Sunday, December 23, 2012

Favorite Comments of '12: C T, John, Anonymous and Mrsh

On What Philadelphia 5th graders should know how to do

C T said...
I'm not keen on encouraging my child to use all five senses in doing science. She's been growing fungus (obtained from swabbing between her toes...gross) in a Petri dish, and I think purposeful inhalation of its spores would be quite stupid.

John said...
This list makes more sense if read as a checklist for a cargo-cultist.

I intend no sarcasm. These guidelines seem to assume that knowledge and skills are demonstrated in an external and straightforward manner (much like compliance to ritual is) - rather than the reality that you need to actually trip kids up by changing how questions/problems are worded so they can't rely on rote responses, and have to think to answer.

Then you need to understand their mistakes and where they come from to further refine their understanding.

Also, regarding "5 senses" - what sense do I use to determine voltage across a circuit? We don't have one, so we build sensors - and anyway, shouldn't they also learn how senses lie, and their brain is trying to fool them all the time with cognitive biases?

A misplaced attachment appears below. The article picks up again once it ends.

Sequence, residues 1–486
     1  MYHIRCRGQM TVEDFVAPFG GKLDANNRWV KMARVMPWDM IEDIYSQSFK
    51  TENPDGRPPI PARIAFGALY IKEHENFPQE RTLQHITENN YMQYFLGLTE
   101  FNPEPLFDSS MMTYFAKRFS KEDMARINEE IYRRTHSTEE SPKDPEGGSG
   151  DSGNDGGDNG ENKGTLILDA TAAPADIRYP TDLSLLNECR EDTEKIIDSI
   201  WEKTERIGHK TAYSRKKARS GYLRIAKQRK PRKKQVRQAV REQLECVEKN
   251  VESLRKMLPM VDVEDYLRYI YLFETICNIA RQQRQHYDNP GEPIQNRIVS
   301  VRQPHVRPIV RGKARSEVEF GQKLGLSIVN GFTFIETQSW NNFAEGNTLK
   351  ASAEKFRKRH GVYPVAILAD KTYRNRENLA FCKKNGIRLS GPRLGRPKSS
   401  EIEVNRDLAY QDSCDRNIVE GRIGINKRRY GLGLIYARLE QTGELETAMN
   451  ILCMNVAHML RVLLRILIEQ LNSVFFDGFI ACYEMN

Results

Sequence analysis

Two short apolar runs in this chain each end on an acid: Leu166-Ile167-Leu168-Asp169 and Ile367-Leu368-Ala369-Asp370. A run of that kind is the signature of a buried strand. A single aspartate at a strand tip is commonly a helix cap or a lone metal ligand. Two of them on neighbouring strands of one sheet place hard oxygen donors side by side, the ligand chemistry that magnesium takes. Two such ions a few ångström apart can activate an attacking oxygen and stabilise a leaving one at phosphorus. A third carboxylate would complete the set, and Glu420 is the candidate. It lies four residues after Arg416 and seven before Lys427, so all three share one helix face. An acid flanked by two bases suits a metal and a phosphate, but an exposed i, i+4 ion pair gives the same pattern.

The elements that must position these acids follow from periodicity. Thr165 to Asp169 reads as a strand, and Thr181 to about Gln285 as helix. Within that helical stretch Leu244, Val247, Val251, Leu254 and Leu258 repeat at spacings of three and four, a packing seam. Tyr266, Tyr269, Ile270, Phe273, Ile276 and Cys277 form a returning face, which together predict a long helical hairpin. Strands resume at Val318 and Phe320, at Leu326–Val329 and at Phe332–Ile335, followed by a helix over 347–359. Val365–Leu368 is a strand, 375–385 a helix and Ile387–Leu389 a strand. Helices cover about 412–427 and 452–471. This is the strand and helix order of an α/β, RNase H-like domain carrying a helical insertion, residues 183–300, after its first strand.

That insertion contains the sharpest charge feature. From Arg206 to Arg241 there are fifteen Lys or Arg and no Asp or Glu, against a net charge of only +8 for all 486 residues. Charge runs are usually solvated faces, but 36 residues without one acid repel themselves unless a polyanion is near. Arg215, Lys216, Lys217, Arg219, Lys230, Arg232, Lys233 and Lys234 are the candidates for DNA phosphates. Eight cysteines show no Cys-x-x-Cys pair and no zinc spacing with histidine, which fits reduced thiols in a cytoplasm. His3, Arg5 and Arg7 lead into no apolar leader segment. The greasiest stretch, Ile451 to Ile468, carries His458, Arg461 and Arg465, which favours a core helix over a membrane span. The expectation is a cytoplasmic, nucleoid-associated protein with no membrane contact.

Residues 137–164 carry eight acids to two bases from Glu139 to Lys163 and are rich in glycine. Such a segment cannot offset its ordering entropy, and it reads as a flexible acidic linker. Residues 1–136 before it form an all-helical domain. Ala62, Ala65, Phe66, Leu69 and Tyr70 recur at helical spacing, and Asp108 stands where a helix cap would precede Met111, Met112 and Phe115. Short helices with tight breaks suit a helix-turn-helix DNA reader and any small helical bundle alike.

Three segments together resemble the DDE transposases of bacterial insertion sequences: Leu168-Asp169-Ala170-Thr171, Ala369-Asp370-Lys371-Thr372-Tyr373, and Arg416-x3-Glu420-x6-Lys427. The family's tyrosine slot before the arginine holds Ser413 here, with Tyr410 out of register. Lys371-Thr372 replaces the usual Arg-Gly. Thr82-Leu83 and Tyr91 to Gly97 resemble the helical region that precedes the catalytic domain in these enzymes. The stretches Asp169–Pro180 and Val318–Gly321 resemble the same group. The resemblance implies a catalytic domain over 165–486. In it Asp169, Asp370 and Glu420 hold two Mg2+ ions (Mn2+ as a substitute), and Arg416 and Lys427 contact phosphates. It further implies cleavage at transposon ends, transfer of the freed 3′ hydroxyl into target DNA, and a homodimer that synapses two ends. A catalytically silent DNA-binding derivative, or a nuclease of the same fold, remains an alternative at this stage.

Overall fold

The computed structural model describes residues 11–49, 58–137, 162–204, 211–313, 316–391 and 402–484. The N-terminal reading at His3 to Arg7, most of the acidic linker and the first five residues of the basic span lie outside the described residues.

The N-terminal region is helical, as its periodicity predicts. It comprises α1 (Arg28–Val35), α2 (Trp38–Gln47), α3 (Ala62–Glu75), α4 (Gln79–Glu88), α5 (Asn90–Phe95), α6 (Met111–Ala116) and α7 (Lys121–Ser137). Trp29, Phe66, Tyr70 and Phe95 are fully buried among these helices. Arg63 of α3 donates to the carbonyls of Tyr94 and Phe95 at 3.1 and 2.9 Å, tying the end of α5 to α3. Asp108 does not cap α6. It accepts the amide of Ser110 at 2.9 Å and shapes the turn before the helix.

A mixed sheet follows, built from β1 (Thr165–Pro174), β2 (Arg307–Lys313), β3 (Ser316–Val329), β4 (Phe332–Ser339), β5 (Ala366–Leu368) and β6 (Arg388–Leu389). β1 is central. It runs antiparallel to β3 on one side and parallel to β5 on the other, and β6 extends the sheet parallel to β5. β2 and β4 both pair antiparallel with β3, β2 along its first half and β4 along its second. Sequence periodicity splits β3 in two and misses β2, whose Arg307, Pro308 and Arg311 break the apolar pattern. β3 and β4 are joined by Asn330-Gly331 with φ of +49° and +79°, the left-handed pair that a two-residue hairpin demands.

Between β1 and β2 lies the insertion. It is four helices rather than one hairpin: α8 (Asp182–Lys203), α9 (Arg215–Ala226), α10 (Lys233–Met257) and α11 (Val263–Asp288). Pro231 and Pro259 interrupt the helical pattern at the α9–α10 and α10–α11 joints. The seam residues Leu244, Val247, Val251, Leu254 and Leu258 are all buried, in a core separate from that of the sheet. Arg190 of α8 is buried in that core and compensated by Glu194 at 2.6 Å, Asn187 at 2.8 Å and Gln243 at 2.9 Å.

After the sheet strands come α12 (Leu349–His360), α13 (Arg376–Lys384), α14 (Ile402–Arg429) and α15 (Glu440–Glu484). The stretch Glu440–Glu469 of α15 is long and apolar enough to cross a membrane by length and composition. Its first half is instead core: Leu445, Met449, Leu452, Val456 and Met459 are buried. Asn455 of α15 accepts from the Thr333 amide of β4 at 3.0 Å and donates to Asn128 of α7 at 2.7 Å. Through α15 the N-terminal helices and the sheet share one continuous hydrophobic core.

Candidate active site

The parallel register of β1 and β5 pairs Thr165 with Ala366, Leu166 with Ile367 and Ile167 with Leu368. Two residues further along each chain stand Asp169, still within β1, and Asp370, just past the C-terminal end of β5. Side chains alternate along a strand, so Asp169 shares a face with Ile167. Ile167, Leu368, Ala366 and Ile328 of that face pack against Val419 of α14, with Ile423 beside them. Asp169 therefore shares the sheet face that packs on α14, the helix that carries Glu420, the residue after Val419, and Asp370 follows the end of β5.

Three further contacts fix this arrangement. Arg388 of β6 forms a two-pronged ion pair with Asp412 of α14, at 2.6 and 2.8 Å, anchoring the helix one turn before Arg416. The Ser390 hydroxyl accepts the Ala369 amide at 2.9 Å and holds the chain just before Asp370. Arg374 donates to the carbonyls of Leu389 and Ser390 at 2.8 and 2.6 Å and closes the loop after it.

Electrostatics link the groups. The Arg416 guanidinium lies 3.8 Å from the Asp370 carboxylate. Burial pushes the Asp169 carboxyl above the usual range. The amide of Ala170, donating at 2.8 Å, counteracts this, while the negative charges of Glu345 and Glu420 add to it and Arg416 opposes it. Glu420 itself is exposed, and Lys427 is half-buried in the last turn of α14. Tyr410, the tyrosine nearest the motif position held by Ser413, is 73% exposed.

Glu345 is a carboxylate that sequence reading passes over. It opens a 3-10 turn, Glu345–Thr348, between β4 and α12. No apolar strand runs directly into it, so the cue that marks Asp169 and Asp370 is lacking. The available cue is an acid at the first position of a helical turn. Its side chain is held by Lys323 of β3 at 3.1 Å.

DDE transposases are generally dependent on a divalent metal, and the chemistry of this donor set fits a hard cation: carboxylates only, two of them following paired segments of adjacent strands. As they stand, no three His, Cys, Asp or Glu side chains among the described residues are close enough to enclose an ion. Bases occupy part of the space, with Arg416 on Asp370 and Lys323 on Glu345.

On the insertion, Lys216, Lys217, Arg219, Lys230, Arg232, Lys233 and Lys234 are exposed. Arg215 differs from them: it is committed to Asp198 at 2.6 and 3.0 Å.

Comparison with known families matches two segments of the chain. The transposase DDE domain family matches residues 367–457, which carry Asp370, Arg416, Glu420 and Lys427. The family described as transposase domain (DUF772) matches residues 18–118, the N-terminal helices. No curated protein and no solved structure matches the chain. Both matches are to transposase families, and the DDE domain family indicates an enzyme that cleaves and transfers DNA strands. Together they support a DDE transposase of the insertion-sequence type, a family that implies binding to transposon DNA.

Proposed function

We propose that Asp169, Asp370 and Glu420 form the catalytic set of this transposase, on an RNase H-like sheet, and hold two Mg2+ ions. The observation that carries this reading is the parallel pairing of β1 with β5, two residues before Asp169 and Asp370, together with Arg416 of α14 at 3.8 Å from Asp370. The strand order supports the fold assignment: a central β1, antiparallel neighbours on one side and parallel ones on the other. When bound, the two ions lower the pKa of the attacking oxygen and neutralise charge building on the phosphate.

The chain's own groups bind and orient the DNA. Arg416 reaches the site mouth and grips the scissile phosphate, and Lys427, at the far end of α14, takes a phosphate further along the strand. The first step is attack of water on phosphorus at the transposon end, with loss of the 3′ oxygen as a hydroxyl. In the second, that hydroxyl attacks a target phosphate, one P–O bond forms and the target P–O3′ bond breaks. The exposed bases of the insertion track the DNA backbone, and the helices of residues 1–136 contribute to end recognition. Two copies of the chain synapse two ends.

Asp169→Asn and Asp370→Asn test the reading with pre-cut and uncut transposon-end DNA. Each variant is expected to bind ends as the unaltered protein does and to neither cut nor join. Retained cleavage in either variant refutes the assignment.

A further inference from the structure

Anonymous said...
I homeschool and I find these vague expectations completely useless in determining what my child actually needs to know. I come from Ireland originally, so I have started using the Irish curriculum standards as a guide. They are much more detailed, so I have a better idea of what is needed at each grade. Here are a couple of examples from a long list for 5th grade math:

"•divide a decimal number by a whole number, without and with a calculator
explore the concept of division of decimals with concrete materials, money and measurement
extend the algorithm in conjunction with place value 75.6 divided by 4."

"•estimate and measure the area of regular and irregular 2-D shapes
measure a wide variety of regular and irregular shapes using square units of onesquare centimetre and one square metre"

An example from science is:

"•identify and explore how objects and materials may be moved
by pushing and pulling
by machines using rollers, wheels, axles, gear wheels, chains and belts
by pouring and pumping
using trapped air pressure (pneumatics)
using trapped liquid under pressure (hydraulics)
using wind energy
harnessing energy of moving water
design and make a lifting device that uses levers and gears
design and make a windmill, water wheel or wind turbine to spin a coloured disk or turn a flywheel"

Mrsh said...
Senses do lie, as John said...gee, this smells like almonds, it must BE shall I taste it to be sure? As the person sips cyanide...

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